Apple's iPhone 12 to work on 5G: A predicament for landlords - Boodle Hatfield

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16 Oct 2020

Apple’s iPhone 12 to work on 5G: A predicament for landlords

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2 min read

Apple have this week unveiled their first iPhone with 5G capabilities.

5G is faster than 3G and 4G; offers greater capacity, meaning a lot more devices can be connected at the same time; and reduces latency making it more responsive.

5G could see the end of fixed broadband. Currently, broadband involves a series of physical connections: often this is fibre cabling from the exchange to the cabinet nearest to the building and then either fibre or copper cabling from the cabinet to the building.

Whilst 5G is not necessarily faster than fibre broadband, it is likely to be faster than broadband relying on copper cabling between the cabinet and the building. More often than not, this is the case. This connection is the weak link in the chain. Copper cabling is much slower than fibre, is vulnerable to interference and can be easily broken. 5G can therefore provide a good alternative to tenants who do not have a fibre connection between the cabinet and their building.

5G does not require a physical connection into a building. For a tenant, this means they avoid the cable installation costs; they can be instantly connected to the internet on moving into the premises; and there is no need for a wayleave agreement.

There is a catch. 5G uses higher frequency waves than 3G and 4G which means it requires more transmitter masts and base stations. Therein lies the problem.

Since the introduction of the Electronic Communications Code in 2017, landowners have been reluctant to host telecoms equipment on their land and buildings. The transmitter masts and base stations needed for the 5G network fall squarely into the definition of telecoms equipment. The issues with the Code are well documented, with the reduction in revenue and the minimum 18 month termination period, should the landowner wish to carry out development works, being the key concerns for many.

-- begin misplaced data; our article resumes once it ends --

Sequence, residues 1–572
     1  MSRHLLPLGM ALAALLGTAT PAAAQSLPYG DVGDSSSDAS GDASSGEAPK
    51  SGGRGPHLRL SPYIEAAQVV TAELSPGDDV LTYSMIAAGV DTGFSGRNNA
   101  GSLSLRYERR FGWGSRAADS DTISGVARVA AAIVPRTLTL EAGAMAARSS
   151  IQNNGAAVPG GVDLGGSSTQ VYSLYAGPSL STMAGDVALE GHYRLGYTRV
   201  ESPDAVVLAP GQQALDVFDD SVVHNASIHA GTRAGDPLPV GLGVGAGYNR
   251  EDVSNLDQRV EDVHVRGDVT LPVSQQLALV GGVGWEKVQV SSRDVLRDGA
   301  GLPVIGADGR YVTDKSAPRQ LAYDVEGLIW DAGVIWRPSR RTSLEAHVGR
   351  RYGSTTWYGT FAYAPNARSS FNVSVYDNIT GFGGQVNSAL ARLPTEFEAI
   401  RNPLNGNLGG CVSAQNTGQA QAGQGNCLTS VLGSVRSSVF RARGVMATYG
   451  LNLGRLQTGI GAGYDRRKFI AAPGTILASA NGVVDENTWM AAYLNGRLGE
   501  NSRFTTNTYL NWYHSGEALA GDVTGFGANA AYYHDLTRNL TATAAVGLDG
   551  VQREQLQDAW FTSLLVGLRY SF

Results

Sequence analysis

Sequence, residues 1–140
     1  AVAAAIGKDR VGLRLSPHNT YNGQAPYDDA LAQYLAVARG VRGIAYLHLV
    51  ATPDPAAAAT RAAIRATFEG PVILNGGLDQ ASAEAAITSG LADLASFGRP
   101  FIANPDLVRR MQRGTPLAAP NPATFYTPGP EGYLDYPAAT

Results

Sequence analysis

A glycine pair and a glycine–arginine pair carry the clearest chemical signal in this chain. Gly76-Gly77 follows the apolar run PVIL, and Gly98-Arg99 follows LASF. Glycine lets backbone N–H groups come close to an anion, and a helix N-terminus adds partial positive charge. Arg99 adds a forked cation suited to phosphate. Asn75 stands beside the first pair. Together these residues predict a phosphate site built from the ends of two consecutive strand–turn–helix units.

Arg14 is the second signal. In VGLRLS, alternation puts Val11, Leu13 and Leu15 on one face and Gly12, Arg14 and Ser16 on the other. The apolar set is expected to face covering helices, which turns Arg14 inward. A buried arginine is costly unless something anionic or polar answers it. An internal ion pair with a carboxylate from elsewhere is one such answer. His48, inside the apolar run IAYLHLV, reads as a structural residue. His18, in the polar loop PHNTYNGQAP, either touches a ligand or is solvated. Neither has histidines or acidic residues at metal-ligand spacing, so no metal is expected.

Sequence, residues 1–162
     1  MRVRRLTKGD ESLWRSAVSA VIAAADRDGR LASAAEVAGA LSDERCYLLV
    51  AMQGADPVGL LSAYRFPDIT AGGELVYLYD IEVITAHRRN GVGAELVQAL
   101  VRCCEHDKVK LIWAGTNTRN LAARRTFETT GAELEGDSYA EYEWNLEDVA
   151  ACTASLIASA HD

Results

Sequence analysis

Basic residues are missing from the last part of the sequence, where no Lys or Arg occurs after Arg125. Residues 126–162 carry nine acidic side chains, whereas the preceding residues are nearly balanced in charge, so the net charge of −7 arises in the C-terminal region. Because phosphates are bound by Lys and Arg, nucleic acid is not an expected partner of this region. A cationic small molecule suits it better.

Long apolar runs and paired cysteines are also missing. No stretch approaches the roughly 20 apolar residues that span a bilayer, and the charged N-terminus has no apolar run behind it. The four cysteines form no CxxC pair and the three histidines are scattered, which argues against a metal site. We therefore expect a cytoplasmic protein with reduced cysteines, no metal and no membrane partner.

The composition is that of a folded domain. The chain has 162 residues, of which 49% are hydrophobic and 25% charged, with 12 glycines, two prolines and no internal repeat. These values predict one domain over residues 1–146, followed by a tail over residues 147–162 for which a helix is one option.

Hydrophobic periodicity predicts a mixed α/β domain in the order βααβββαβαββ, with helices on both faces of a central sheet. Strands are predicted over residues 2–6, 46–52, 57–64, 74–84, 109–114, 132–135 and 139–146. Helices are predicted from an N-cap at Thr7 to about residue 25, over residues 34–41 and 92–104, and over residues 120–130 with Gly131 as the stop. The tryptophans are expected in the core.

5G sparks a predicament for landlords who will want to attract and retain tenants by offering easy connection to fast internet, but who also do not want to find themselves faced with waiting more than 18 months’ to redevelop their buildings.

One solution for those landlords might be to agree with both the telecoms provider and a neighbouring landowner, that in the event of redevelopment the equipment is to be temporarily rehoused on the neighbouring landowner’s land. Deals between neighbouring landowners might be reciprocal in nature. In addition, as part of any deal with the telecoms provider to host telecoms equipment, landlords should ensure that the telecoms equipment will be positioned or technology installed so that their tenants will directly benefit from the telecoms equipment.

If landlords work with neighbouring landowners and with telecoms providers to install the 5G infrastructure, then it will not be long until the iPhone’s 5G capabilities are being put to the test on a more widespread basis!


Apple has confirmed its iPhone 12 handsets will be its first to work on faster 5G networks.

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